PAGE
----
It had the makings of a perfect storm.
In 2008, I joined Congregation Rodeph Shalom in Philadelphia.
That same summer, at a synagogue get-together of BoomeRS – members who gather for social, spiritual, and educational opportunities at Rodeph Shalom and beyond – many in the group realized they all had children who were about to leave for college.
The BoomeRS came up with the idea that Rodeph Shalom ought to offer a discussion series about becoming empty nesters. Although I was a brand new member of the synagogue, the director of community engagement asked me – knowing about my training as a psychologist and my experience working with families – if I would lead a discussion series on “Becoming Empty Nesters.” I loved the idea and before long, we were off and running.
That fall, we scheduled four sessions of the new series, and I created a syllabus to guide the discussions. More than 20 men and women, most of whom did not previously know each other, attended our first session. Throughout the series, we addressed such topics as separation and individuation, effective communication, resilience, and understanding emotions – both our own and others’. Over time, our meetings provided a forum in which members could tell their own stories, not only sharing thoughts, feelings, and experiences related to having a newly empty nest, but also creating unique bonds and connections with each other.
As we approached the end of the series, we heard positive feedback from our participants: Everyone wanted more. We added a fifth session and invited recent graduates and young adults to tell us about their challenges and ways parents could be helpful. As with the earlier meetings, it was the personal stories that connected participants to each other, and ultimately, we agreed to meet monthly for the rest of the year.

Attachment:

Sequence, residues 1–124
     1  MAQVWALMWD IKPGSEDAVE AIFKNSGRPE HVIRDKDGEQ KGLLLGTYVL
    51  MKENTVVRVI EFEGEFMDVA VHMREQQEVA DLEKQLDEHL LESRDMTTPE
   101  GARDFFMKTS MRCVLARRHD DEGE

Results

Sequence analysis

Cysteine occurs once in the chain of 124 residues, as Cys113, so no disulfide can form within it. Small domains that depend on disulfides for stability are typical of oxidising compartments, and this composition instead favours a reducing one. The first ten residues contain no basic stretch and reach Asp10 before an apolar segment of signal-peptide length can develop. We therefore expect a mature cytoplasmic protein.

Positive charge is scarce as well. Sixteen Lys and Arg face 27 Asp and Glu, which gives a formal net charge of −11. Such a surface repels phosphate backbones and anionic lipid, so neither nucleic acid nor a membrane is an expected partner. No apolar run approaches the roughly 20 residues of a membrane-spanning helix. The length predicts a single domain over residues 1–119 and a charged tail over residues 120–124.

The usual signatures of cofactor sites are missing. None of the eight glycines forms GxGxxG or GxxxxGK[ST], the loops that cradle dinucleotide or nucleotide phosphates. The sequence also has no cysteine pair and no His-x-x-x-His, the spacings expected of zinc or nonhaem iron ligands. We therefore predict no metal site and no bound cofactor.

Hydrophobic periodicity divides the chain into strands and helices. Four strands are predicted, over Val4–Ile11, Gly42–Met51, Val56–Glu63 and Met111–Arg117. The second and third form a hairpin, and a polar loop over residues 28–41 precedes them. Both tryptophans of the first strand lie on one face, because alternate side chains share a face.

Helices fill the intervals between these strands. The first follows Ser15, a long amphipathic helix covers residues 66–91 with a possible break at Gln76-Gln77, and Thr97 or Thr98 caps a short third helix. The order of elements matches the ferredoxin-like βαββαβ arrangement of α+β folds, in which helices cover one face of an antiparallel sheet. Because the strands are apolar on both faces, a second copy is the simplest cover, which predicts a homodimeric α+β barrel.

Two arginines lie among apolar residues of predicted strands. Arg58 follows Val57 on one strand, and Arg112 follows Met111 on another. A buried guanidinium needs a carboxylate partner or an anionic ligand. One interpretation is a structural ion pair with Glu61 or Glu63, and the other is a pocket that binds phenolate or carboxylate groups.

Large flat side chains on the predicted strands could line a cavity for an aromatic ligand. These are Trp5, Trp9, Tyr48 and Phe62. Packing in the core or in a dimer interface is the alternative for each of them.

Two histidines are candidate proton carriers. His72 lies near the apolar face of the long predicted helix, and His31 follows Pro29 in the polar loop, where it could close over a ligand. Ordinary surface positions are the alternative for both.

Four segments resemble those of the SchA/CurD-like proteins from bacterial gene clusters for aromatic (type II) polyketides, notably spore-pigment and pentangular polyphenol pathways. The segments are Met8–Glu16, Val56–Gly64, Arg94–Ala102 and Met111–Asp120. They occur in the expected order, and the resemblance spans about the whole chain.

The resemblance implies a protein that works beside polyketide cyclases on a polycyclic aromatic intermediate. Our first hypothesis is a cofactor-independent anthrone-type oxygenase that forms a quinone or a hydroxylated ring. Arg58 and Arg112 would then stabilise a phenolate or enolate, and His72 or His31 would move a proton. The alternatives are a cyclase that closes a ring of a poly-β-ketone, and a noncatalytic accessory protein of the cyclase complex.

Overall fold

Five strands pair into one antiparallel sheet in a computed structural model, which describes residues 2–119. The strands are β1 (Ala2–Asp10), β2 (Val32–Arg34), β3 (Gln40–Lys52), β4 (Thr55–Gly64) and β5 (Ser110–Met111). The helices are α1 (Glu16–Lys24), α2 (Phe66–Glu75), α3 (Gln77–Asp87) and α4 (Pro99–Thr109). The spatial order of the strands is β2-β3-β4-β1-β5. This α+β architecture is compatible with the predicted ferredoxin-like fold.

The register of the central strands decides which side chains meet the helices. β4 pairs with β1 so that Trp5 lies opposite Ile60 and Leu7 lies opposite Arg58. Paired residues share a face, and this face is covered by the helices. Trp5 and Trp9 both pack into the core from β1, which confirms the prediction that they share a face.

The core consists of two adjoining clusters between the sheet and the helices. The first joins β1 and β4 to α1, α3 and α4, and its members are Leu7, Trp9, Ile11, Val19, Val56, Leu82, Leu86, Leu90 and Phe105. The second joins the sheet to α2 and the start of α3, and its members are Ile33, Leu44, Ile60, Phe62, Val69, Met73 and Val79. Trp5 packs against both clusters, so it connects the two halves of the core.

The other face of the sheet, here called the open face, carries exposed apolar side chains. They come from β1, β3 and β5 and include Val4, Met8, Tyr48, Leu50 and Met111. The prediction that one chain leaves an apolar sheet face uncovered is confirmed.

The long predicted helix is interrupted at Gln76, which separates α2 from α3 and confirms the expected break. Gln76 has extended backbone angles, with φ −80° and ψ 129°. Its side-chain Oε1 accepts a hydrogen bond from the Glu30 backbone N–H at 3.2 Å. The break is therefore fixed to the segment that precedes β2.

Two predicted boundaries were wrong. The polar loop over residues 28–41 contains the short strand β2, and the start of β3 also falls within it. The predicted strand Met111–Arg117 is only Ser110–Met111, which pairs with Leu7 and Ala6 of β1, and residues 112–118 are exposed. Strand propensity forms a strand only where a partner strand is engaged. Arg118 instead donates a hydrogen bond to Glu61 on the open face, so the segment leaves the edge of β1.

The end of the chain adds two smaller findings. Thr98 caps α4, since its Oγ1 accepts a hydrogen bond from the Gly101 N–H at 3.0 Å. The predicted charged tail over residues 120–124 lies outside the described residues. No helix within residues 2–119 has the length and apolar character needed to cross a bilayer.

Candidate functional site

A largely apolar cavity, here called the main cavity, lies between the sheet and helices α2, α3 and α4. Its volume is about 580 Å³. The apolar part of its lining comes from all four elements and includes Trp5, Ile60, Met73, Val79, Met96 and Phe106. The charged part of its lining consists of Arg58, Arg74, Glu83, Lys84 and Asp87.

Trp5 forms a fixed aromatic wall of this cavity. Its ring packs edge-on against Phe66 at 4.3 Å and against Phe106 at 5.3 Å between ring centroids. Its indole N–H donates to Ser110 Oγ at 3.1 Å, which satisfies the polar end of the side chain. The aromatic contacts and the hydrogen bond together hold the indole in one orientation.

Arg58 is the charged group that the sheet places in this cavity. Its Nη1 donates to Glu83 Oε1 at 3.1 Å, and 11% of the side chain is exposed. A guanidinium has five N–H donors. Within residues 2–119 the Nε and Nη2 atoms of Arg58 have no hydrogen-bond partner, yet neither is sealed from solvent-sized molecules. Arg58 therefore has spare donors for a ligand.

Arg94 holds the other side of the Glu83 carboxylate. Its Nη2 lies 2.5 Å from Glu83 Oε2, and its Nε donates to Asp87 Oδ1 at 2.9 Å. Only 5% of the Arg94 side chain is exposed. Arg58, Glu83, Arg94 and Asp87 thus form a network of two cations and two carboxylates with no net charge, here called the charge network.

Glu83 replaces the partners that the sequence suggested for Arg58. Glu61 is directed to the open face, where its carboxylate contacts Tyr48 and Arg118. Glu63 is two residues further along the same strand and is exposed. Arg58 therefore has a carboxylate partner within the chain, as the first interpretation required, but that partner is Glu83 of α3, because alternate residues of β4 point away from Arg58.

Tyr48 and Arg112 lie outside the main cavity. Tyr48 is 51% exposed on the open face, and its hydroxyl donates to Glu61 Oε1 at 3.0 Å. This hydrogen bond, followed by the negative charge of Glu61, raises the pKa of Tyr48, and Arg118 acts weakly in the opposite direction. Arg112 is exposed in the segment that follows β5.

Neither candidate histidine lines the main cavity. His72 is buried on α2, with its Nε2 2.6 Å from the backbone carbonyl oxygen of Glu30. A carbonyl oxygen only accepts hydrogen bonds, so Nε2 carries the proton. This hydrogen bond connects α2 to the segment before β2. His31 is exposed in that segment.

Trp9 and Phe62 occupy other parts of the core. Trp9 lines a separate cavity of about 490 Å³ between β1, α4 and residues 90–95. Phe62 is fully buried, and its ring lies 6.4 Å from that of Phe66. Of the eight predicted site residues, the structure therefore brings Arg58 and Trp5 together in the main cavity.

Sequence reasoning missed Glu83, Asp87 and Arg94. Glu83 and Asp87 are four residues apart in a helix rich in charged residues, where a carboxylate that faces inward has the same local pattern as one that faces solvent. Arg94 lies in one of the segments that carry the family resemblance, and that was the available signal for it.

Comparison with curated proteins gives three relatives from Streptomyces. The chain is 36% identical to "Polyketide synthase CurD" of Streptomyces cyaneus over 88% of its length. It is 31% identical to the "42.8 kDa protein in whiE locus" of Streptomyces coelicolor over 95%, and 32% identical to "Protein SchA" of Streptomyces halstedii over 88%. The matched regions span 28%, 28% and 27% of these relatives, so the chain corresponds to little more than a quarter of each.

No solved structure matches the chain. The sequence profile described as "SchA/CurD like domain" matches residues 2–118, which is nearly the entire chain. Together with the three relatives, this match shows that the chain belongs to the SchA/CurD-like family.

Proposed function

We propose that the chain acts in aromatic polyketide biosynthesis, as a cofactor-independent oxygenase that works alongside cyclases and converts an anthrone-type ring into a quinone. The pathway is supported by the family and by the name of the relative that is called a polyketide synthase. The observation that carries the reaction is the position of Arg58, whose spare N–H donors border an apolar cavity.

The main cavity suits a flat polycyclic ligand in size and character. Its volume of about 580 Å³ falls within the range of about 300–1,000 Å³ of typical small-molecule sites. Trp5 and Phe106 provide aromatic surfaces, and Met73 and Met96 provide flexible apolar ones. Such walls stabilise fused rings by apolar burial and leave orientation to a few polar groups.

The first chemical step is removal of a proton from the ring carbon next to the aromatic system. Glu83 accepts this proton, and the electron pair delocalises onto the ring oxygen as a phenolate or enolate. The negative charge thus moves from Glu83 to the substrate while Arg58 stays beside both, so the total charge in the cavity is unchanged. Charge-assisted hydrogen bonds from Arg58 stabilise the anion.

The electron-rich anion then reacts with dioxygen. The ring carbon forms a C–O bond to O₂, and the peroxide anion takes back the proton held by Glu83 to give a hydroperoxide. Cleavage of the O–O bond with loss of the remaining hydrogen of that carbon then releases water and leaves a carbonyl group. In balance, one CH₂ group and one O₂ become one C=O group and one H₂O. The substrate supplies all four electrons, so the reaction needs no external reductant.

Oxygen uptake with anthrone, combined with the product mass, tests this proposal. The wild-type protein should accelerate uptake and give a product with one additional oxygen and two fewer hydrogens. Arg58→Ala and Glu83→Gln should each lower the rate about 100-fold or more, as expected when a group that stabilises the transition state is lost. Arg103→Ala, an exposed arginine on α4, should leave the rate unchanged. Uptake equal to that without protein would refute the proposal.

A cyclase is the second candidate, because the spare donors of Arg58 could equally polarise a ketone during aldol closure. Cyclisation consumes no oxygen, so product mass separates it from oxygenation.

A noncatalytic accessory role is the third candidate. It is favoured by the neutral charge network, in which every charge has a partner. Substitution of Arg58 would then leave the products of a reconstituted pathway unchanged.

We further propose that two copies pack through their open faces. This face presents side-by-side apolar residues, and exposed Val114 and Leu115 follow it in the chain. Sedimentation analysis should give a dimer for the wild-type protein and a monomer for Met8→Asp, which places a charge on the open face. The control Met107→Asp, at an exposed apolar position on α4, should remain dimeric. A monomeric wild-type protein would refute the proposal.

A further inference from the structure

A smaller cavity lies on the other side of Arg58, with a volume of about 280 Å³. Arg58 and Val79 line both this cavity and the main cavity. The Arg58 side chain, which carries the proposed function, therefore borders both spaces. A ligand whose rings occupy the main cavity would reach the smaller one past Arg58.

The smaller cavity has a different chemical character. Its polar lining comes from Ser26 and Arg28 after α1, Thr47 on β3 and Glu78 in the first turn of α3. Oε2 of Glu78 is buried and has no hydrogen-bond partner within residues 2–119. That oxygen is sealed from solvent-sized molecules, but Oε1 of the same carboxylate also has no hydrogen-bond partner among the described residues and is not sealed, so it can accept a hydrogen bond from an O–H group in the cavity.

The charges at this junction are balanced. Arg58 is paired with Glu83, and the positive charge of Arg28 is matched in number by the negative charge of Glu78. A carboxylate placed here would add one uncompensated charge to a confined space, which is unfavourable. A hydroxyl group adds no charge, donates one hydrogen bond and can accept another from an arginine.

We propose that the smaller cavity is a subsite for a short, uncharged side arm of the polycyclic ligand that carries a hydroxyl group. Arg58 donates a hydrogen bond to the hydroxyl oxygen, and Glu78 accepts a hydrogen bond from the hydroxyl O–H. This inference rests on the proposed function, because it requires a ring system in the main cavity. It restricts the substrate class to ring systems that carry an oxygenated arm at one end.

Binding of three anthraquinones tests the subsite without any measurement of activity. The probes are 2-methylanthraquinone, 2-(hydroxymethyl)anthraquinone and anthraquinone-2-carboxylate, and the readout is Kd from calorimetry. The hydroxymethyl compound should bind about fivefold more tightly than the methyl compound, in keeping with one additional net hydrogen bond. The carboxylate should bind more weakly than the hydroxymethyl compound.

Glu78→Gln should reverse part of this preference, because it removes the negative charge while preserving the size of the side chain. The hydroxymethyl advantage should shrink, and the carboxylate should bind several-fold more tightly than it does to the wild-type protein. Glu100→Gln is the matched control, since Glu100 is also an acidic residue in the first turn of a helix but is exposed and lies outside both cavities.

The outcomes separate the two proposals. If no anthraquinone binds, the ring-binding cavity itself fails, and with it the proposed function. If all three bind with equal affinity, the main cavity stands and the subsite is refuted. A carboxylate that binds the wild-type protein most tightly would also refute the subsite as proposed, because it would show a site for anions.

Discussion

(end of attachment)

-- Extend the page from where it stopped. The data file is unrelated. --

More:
We have been meeting ever since.
In 2011, we changed the group’s name to “BoomeRS in Transition,” which more accurately reflected the issues that concerned us. We also conceded that we were part of an inescapable trend: Despite efforts to include everyone from the congregation who wished to join us, we seemed to attract only women. Although we never intended an all-female membership, ultimately, we accepted that we were, in fact, a group of boomer women.
Today, we meet approximately every six weeks from September through May, with one summer gathering at a member’s pool club or shore home. Our membership includes a handful of women who were participants in the original “Becoming Empty Nesters” discussion group, and they are the foundation of our group, but we continue to grow and evolve in myriad ways. Numerous members of our group have taken on leadership roles within the congregation, and we have generated at least one spin-off group, which meets specifically to discuss issues around dealing with aging parents.
In our group, though, the meetings are, as they have always been, a place for people to be heard, to tell their own stories, and to create unique bonds and connections. We have new members who come, meet others, and develop relationships that form the foundation of their membership at Rodeph Shalom. More seasoned synagogue members come to see old friends, and to let us know what is going on in their lives. Although every session is different, we always take time to report on how we’re doing, and no one – whether a first-time attendee or a longtime member – ever leaves feeling alone.
Although initially we set out to create a group for empty nesters, it evolved into a place where both new and seasoned members can make and maintain real and profound connections that allow us to be our truest and best selves. As our group continues to grow and change, we are confident that the wisdom we have gleaned from our past experiences will guide us in creating new opportunities to engage, both with each other and within the larger Rodeph Shalom community.
Fran Martin is a psychologist who has facilitated the Boomers in Transition group at Congregation Rodeph Shalom in Philadelphia, PA, since 2008. She also is a co-chair of community engagement at the congregation.